Baraga County, Michigan
Baraga County (// BAIR-ə-gə) is a county in the Upper Peninsula in the U.S. state of Michigan. As of the 2010 census, the population was 8,860. The county seat is L'Anse. The county is named after Bishop Frederic Baraga, a Catholic missionary who ministered to indigenous peoples in the Michigan Territory.
Baraga County Courthouse and Annex (July 2014)
Location within the U.S. state of Michigan
Michigan's location within the U.S.
|Founded||February 19, 1875|
|Named for||Frederic Baraga|
|• Total||1,069 sq mi (2,770 km2)|
|• Land||898 sq mi (2,330 km2)|
|• Water||171 sq mi (440 km2) 16%%|
| • Estimate |
|• Density||9.9/sq mi (3.8/km2)|
|Time zone||UTC−5 (Eastern)|
|• Summer (DST)||UTC−4 (EDT)|
The county is located in the state's Upper Peninsula on the shore of Lake Superior, at the southeast base of the Keweenaw Peninsula. The villages of Baraga and L'Anse are located at the base of Lake Superior's Keweenaw Bay. Point Abbaye projects north into the lake, enclosing Huron Bay. The eastern two-thirds of the county includes much of the Huron Mountains, including Mount Arvon—the highest natural point in Michigan at 1,979 feet (603 m).
- US 41 – runs north–south through the upper central part of county. The highway enters at the northeast corner of the county on the west shore of Keeweenaw Bay and runs south along the shoreline to Baraga and L'Anse, then turns inland (south) past Alberta, then east through Nestoria and Three Lakes. It exits into Marquette County at Imperial Heights.
- US 141 – runs south from its intersection with US-41 south of Alberta into Iron County.
- M-28 – enters the west side of the county then runs east and east-northeast to the intersection with US-141 at Covington.
- M-38 – runs east–west through the northwest corner of county. It enters from Alston in Houghton County, then runs east to intersection with US-41 at Baraga.
National protected areasEdit
|US Decennial Census|
The 2010 United States Census indicates Baraga County had a population of 8,860. This increase of 114 people from the 2000 United States Census. is a 1.3% population growth. In 2010 there were 3,444 households and 2,209 families in the county. The population density was 10 people per square mile (4/km²). There were 5,270 housing units at an average density of 6 per square mile (2/km²). 75.0% of the population were White, 13.1% Native American, 7.2% Black or African American, 0.1% Asian, 0.2% of some other race and 4.4% of two or more races. 1.0% were Hispanic or Latino (of any race). 22.5% were of Finnish, 9.1% German, 8.8% French, French Canadian or Cajun, 5.6% English and 5.5% Irish ancestry.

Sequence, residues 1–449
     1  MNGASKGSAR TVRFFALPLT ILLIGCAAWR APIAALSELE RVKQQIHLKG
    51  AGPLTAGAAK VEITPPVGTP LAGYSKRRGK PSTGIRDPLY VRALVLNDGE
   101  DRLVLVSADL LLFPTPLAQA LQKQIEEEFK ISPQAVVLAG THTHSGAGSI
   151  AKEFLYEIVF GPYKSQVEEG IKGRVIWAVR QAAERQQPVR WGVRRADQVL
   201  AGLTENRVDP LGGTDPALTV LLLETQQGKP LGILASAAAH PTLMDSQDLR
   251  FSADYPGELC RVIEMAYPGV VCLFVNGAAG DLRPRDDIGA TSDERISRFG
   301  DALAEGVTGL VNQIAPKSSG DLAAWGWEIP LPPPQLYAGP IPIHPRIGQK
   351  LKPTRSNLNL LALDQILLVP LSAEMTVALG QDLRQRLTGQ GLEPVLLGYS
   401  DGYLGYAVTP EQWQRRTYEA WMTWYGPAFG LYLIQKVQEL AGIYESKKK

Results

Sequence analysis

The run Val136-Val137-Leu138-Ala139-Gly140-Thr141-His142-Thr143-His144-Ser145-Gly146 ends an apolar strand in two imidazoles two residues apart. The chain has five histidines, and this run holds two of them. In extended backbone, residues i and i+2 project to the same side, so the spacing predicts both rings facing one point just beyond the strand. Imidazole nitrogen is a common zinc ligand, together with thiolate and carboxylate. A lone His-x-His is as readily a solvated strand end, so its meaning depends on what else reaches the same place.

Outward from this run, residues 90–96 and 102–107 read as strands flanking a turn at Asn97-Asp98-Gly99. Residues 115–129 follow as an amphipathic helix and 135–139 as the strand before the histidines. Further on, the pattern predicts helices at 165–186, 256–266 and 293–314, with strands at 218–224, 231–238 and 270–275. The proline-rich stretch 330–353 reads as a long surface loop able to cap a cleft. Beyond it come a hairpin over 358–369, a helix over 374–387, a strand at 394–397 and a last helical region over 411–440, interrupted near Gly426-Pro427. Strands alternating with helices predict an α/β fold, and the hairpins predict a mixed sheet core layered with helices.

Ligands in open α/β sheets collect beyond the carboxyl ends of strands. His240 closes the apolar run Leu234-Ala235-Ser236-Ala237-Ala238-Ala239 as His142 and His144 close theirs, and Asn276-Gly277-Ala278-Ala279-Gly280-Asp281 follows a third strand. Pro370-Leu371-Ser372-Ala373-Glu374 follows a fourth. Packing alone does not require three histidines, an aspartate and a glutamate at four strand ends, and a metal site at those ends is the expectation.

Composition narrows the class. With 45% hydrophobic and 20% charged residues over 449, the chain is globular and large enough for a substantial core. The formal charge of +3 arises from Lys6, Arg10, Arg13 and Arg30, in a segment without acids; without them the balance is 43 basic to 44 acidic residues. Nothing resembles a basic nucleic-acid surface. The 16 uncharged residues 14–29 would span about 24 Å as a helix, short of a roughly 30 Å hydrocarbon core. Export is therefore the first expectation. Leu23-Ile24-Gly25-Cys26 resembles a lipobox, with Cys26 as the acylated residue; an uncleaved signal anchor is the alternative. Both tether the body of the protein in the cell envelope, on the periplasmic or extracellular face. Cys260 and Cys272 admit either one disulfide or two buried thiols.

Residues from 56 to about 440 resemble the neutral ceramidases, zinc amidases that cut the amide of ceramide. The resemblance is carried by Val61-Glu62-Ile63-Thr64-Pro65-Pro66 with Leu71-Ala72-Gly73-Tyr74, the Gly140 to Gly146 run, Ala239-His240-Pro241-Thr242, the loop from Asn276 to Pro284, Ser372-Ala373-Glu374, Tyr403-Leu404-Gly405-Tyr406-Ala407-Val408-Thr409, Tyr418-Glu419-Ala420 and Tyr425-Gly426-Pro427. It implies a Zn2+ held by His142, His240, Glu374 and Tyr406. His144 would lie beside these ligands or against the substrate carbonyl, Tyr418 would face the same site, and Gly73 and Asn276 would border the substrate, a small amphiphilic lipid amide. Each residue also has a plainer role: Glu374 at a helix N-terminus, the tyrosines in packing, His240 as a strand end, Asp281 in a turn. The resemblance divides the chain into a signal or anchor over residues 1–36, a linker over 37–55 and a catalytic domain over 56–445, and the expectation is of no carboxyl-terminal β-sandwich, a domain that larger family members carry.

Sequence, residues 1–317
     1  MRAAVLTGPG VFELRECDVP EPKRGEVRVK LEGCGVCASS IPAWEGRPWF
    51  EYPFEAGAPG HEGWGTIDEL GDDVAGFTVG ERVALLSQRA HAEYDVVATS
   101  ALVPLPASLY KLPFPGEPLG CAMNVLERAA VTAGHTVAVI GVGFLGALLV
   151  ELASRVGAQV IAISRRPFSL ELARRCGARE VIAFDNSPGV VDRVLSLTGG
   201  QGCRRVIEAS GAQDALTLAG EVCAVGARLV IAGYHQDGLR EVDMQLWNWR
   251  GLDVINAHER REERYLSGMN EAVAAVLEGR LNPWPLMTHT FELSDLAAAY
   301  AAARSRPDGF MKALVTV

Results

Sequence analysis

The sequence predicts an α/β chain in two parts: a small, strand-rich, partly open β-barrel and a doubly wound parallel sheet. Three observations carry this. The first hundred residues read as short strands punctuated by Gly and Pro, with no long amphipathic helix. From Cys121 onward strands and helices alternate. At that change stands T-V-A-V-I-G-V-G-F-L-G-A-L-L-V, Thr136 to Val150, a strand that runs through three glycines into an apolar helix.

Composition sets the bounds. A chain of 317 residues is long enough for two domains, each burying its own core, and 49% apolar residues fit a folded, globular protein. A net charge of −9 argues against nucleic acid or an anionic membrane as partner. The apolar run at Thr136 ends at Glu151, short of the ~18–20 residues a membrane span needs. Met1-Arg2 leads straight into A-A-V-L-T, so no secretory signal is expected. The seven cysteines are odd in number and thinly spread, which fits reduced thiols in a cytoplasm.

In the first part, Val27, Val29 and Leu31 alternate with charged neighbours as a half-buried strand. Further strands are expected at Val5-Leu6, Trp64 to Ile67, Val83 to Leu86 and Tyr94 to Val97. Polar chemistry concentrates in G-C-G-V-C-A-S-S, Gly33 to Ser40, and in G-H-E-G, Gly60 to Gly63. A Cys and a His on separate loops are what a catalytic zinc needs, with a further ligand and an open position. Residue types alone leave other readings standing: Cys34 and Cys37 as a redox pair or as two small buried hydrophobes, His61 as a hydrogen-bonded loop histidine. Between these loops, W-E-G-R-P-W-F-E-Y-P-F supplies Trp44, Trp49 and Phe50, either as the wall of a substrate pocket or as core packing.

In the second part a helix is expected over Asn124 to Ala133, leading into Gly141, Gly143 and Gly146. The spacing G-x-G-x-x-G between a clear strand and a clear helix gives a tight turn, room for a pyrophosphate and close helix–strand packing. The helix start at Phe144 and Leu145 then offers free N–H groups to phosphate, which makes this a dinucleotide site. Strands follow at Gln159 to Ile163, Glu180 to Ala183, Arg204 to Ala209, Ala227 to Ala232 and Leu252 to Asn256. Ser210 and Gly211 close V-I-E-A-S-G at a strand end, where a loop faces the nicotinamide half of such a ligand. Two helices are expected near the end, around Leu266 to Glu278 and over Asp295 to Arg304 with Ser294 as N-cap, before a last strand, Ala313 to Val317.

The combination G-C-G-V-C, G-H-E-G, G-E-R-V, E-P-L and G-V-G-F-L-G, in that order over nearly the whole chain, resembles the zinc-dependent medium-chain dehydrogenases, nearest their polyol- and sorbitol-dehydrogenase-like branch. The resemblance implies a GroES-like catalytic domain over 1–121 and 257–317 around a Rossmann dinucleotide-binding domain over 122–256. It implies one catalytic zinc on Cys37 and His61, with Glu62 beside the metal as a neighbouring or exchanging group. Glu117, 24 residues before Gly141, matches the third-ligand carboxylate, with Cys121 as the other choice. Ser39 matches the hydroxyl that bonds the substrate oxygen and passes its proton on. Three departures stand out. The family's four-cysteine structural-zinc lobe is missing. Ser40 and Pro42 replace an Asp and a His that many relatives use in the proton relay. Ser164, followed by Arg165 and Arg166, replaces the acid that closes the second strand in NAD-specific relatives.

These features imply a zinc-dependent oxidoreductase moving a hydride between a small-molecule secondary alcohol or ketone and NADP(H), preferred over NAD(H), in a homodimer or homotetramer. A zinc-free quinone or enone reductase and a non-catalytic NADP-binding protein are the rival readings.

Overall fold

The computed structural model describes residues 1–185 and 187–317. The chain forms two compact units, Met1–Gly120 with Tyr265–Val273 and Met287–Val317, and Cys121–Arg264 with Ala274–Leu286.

There were 3,444 households out of which 25.2% had children under the age of 18 living with them, 47.4% were married couples living together, 10.9% had a female householder with no husband present, and 35.9% were non-families. 31.6% of all households were made up of individuals and 13% had someone living alone who was 65 years of age or older. The average household size was 2.28 and the average family size was 2.82.
The county population contained 20.2% under the age of 18, 7% from 18 to 24, 25.7% from 25 to 44, 29.7% from 45 to 64, and 17.2% who were 65 years of age or older. The median age was 42.9 years. 54.9% of the population was male, 45.1% was female.
The median income for a household in the county was $40,115, and the median income for a family was $50,996. The per capita income for the county was $19,076. About 9.5% of families and 13% of the population were below the poverty line, including 19.2% of those under age 18 and 6.7% of those age 65 or over.
Baraga County has tended to vote Republican through the years. Since 1884 its voters have selected the Republican Party nominee in 64% (22 of 34) of the national elections through 2016.
Baraga County operates the County jail, maintains rural roads, operates the major local courts, records deeds, mortgages, and vital records, administers public health regulations, and participates with the state in the provision of social services. The county board of commissioners controls the budget and has limited authority to make laws or ordinances. In Michigan, most local government functions – police and fire, building and zoning, tax assessment, street maintenance etc. – are the responsibility of individual cities and townships.
Other unincorporated communitiesEdit
- "Bibliography on Baraga County". Clarke Historical Library, Central Michigan University. Retrieved January 19, 2013.
- "State & County QuickFacts". US Census Bureau. Retrieved August 26, 2013.
- "Find a County". National Association of Counties. Retrieved June 7, 2011.
- "2010 Census Gazetteer Files". US Census Bureau. August 22, 2012. Retrieved September 19, 2014.
- "Population and Housing Unit Estimates". Retrieved May 16, 2019.
- "US Decennial Census". US Census Bureau. Retrieved September 19, 2014.
- "Historical Census Browser". University of Virginia Library. Retrieved September 19, 2014.
- "Population of Counties by Decennial Census: 1900 to 1990". US Census Bureau. Retrieved September 19, 2014.
- "Census 2000 PHC-T-4. Ranking Tables for Counties: 1990 and 2000" (PDF). US Census Bureau. Retrieved September 19, 2014.
- "U.S. Census website". Retrieved July 6, 2013.
- Data Access and Dissemination Systems (DADS). "U.S. Census website". census.gov.
- US Election Atlas
- Baraga County Government website
- Baraga County Profile, Sam M Cohodas Regional Economist
- Western Upper Peninsula Planning & Development Region